Trial data showed enhanced visual outcomes of the combination therapy compared to Lucentis monotherapy at every monthly time point. In addition, the relative magnitude of visual benefit continued to increase over time. The visual benefit of combination therapy compared to Lucentis monotherapy was greater at six months than at three months. The increasing divergence of the efficacy curves suggested the benefit of repeated anti-PDGF combination therapy.
Pravin Dugel, MD, of Phoenix, AZ, who served as a lead investigator in the Ophthotech phase 2b clinical trials, explains that the formation of pericytes over time can greatly diminish the effectiveness of anti-VEGF drugs, forming a protective armor that shields the neovascular complex from anti-VEGF drugs.
“The combination of the anti-VEGF and anti-PDGF agents targets the pericytes and endothelial cells, achieving more neovascular regression than either agent would have accomplished alone,” says Dr. Dugel.
Moving on to Phase 3
Based on its phase 2b data, Ophthotech has registered three large pivotal phase 3 studies with the FDA. The company will recruit a total of 1,866 treatment-naïve patients to take part in the three trials, with 622 patients designated for each of the studies. Two identical trials will each compare 311 patients treated with 1.5 mg Fovista and 0.5 Lucentis intravitreal injections to 311 receiving 0.5 mg Lucentis monotherapy. Both trials are already recruiting patients.
The third trial, which is not yet recruiting, will similarly compare a 1.5-mg Fovista injection and 2-mg Eylea or 1.5-mg Fovista and 1.35-mg bevacizumab (Avastin, Genentech) combination to Eylea or Avastin monotherapy. The primary endpoints will be improvement in visual acuity at 12 months and safety. The trials will be conducted over a 24-month period with final data expected to be available in July 2016.
Although Allegro Ophthalmics has been keeping a low profile, small but impressive early-stage human trials of its internally developed ALG-1001 integrin peptide inhibitor have suggested the company has a good chance of achieving long-term success. What makes ALG-1001 unique is that, as company COO Marc Kirshbaum explains, it attacks the “machinery” that creates neovascularization directly, as well as the signaling of VEGF itself.
“By interfering with the machinery that creates these unwanted blood vessels, ALG-1001 makes it more difficult for that machinery to come back on-line and restart,” says Mr. Kirshbaum. “We believe this is why we are seeing such a durable response of three to six months without the need for retreatment in many of the patients in the study.”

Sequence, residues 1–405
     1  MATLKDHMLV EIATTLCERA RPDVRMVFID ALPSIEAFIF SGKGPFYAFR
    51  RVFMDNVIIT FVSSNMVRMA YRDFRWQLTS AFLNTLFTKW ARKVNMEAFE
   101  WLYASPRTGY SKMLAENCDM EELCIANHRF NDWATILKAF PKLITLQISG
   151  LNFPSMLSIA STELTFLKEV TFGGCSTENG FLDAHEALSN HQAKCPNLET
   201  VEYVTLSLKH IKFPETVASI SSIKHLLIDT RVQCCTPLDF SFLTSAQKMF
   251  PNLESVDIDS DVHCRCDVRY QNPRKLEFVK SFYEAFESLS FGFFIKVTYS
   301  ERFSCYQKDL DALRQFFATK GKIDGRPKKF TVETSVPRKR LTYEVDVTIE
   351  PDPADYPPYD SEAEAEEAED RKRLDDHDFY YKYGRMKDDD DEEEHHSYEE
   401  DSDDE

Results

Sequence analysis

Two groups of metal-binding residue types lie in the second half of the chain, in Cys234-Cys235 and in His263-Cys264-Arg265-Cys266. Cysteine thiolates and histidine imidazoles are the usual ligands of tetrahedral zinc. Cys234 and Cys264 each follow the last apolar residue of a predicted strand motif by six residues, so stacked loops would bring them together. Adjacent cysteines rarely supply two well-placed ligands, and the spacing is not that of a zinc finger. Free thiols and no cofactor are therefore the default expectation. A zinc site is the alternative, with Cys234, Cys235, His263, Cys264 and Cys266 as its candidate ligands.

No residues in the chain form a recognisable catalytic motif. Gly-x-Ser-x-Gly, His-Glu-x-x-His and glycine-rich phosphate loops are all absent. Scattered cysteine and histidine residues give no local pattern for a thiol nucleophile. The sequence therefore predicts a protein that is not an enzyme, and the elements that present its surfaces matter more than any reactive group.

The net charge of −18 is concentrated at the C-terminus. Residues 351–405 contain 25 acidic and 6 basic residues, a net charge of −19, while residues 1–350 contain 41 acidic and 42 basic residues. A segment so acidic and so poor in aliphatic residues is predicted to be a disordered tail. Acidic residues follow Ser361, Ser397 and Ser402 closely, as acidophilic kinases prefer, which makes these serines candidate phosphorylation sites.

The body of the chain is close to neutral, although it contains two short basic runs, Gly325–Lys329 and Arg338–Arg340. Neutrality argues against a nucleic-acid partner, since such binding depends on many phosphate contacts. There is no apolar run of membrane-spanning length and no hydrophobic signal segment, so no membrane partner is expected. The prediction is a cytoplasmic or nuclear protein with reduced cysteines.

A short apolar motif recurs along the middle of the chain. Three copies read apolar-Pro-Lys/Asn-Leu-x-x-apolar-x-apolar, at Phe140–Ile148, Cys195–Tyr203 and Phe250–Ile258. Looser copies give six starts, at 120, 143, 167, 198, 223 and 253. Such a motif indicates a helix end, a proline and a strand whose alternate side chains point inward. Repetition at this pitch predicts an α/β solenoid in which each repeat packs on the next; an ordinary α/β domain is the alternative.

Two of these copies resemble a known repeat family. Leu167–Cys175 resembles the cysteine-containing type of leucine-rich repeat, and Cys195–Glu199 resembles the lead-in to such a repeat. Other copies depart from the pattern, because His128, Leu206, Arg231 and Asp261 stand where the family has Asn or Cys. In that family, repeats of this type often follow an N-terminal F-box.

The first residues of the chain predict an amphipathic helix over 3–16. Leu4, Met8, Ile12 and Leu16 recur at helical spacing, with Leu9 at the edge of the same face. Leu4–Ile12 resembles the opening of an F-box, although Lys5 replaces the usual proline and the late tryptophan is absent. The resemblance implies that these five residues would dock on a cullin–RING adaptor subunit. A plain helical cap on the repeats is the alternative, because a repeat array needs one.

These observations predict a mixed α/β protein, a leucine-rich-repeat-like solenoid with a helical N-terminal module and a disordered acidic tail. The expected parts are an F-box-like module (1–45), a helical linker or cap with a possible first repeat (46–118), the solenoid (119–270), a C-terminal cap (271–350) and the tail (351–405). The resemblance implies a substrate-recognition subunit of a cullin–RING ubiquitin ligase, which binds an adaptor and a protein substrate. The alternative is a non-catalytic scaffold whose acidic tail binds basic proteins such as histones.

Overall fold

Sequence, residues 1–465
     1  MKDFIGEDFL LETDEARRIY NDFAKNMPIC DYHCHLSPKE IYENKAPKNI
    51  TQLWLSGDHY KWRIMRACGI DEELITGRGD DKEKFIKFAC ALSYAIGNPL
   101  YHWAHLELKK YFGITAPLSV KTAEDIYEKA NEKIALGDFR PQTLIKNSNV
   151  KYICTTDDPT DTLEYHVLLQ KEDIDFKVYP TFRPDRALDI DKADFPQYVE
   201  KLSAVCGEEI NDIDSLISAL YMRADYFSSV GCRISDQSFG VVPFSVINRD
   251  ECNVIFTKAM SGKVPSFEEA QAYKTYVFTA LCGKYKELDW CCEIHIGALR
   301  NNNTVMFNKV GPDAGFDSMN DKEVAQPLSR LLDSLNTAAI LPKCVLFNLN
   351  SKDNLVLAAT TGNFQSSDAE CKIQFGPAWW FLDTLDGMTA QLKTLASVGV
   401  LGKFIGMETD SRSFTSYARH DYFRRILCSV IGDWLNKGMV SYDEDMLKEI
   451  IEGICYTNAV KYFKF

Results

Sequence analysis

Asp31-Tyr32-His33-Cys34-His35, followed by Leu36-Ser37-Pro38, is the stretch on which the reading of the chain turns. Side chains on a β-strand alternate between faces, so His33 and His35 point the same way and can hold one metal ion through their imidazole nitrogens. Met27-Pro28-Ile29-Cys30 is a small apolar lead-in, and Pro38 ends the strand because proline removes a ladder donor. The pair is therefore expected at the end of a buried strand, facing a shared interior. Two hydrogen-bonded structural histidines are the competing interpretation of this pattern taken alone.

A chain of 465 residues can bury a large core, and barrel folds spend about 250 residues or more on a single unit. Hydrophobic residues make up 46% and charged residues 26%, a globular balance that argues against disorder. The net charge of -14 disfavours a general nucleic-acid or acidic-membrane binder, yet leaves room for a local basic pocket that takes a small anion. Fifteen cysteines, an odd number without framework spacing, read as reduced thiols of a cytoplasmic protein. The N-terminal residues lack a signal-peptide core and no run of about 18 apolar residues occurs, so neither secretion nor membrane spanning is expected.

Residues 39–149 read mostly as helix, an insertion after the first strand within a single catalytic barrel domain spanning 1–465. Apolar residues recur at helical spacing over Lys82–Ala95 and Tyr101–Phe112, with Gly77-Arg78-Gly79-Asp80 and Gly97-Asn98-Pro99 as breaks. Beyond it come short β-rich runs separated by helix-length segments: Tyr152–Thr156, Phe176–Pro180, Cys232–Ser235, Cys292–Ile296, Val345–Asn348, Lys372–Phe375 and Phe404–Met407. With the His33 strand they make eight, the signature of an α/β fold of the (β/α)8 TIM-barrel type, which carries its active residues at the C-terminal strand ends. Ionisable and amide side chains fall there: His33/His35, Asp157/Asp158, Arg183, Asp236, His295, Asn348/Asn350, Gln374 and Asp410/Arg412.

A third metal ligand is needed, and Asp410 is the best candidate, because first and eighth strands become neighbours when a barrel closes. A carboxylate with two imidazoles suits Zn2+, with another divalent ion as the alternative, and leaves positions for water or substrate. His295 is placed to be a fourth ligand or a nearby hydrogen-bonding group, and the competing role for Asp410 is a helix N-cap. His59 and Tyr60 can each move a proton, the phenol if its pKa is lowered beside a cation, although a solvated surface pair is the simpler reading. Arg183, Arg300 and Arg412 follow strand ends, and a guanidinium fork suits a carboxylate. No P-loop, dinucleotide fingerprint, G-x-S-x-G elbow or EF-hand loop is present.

Mr. Kirshbaum attributes the company’s focus on integrin inhibition to Allegro cofounder and CEO Hampar Karageozian, MS, MBA, who has had a long career in ophthalmic drug development. Mr. Kirshbaum says other companies had previously targeted the integrins implicated in angiogenesis but were unable to develop a small enough molecule that binds sufficiently to achieve long-lasting efficacy.
The initial human study of ALG-1001 for wet AMD was as monotherapy for treatment of the disease, where a 3.2-mg dose produced the best results, including interim data showing a mean gain of 8 letters 60 days after the last dose was administered. Before the first wet AMD study, Allegro conducted a study in end-stage DME subjects in which eight of 15 individuals experienced a 3-to-5-line improvement in BCVA 90 days off treatment.
More recently, the company has initiated a phase 1b/2a study using a combination of ALG-1001 and bevacizumab to treat DME. This cohort will be compared with a group receiving bevacizumab monotherapy. In October, Allegro announced it was starting a phase 2 study with ALG-1001 for wet AMD that may include both monotherapy and combination arms.
“We are studying ALG-1001 as both monotherapy and in combination with anti-VEGF,” says Mr. Kirshbaum. “We are looking at both because of the large population of patients with wet AMD who either are nonresponders or limited responders to anti-VEGF. We think ALG-1001 could have a beneficial effect on those patients.”
Competitors Have Deep Pockets
Mr. Kirshbaum acknowledges that Allegro is in a highly competitive arena in which the three other major players are publicly owned and have ample financial resources to stay the course. Allegro funded itself through its founders and private investors and has not taken a penny of venture capital as yet, although Mr. Kirshbaum says that Allegro will continue to evaluate its options as the clinical trials of ALG-1001 progress.